Market regulator Sebi has issued a guidelines on 'product labelling' with colour coding for mutual funds (MFs), a move that would help investors assess the risk associated with the schemes.

The guidelines would be effective from July 1, 2013, for all existing and forthcoming schemes, Securities and Exchange Board of India (Sebi) said in a circular yesterday.

As per the norms, product labels carrying details about the schemes would be disclosed on the front page of initial offering application forms.

Besides, the labels would have to be placed in common applications forms and advertisements.

The regulator has also decided up on colour codes to indicate the level of risk associated with the product.
A blue colour coded box would indicate low risk, yellow would signify a medium risk, while brown would be represent schemes with high risk, Sebi said.

"In order to address the issue of mis-selling, a committee was set up to examine the system of product labelling that would provide investors an easy understanding of the kind of product/scheme they are investing in and its suitability to them," Sebi said.

Based on the recommendations by the committee, it has been decided that all the mutual funds would 'label' their schemes on certain parameters, it added.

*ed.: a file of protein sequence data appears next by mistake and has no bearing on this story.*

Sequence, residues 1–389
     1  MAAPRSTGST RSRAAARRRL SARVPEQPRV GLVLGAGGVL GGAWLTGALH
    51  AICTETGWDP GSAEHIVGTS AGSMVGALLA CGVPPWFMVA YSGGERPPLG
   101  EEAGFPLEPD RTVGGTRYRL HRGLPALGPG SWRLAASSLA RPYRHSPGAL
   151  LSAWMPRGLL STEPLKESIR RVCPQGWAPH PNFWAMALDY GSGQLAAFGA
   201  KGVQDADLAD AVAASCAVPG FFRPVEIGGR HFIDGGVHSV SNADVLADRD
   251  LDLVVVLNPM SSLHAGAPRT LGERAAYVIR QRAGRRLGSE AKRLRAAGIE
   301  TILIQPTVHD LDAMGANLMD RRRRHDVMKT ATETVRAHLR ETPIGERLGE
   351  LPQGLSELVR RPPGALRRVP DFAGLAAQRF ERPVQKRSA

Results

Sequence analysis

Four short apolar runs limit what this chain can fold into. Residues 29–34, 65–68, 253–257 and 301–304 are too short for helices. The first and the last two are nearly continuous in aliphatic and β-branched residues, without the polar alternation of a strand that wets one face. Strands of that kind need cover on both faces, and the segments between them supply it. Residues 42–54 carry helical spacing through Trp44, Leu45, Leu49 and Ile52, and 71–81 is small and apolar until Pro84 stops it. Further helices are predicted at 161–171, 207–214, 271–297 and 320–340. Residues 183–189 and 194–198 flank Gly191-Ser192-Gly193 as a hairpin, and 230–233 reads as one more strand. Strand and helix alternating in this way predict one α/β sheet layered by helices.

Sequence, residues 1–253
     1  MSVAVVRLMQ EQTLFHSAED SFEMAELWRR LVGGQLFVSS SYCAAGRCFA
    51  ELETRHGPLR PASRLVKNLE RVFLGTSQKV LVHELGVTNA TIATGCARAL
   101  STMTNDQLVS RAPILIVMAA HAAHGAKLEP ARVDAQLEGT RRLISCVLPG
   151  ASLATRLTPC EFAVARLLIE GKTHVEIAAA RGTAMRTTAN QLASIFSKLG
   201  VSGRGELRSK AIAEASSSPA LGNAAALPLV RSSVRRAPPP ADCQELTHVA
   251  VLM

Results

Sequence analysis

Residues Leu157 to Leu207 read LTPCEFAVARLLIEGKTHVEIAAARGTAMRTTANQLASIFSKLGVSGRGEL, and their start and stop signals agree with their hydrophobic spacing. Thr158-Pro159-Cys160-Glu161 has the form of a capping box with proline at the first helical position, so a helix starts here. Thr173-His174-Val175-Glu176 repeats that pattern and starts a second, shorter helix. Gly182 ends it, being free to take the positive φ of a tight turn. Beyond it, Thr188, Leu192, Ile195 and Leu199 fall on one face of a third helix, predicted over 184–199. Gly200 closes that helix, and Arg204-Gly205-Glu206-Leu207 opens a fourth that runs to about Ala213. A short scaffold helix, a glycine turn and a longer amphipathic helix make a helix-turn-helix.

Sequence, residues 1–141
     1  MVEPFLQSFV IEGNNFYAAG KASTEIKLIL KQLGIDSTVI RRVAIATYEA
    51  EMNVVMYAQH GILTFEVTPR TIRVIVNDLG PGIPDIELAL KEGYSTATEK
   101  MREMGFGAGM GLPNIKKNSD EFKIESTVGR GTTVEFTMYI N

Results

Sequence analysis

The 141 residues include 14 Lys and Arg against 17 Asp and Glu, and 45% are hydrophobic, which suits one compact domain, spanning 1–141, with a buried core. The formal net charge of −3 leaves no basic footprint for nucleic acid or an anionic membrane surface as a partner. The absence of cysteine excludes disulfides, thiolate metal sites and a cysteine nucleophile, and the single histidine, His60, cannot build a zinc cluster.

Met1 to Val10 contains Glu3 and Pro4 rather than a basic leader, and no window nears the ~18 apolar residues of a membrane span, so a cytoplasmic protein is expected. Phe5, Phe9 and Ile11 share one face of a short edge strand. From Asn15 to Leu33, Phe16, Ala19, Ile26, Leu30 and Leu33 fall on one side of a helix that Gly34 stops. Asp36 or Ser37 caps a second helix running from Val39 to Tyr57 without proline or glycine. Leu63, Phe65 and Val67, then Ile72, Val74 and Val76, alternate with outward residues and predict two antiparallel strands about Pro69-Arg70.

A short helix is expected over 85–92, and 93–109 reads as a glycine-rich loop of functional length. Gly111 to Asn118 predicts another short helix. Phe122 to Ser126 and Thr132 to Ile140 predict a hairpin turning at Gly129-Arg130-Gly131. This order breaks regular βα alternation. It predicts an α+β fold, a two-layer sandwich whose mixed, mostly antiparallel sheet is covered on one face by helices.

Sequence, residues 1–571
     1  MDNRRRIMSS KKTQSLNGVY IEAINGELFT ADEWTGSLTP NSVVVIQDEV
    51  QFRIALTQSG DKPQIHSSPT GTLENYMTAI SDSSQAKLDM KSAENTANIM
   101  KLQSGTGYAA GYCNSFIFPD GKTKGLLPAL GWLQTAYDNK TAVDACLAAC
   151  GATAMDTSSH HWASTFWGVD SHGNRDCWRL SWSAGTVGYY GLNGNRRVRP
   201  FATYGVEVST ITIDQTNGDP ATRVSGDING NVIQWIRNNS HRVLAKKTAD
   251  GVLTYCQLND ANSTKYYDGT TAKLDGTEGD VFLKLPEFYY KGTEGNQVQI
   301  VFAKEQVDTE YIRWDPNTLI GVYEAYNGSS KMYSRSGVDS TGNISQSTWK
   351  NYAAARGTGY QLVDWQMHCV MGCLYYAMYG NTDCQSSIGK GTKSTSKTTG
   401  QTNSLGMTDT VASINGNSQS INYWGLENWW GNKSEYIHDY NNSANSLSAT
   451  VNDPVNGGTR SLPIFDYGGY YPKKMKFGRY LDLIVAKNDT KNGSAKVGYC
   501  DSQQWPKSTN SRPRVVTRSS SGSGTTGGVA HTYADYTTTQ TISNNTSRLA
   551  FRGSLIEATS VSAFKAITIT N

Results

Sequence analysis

The labels would include details about the nature of schemes "such as to create wealth or provide regular income in an indicative time horizon (short/ medium/ long term)".

Moreover, mutual funds would have to state a brief about the investment objective in a single sentence followed by kind of product in which investor is investing (equity or debt).

As per the guidelines, mutual funds would also have to include a disclaimer that "investors should consult their financial advisers if they are not clear about the suitability of the product".

Sebi said that the product label has to be placed in proximity to the caption of the scheme in the initial offering -- Key Information Memorandum (KIM) and Scheme Information Documents (SIDs) -- and common applications so that they are prominently visible to investors.

Source: http://www.indianexpress.com/news/mutual-fund-products-sebi-issues-colour-codes-labelling/1090399/0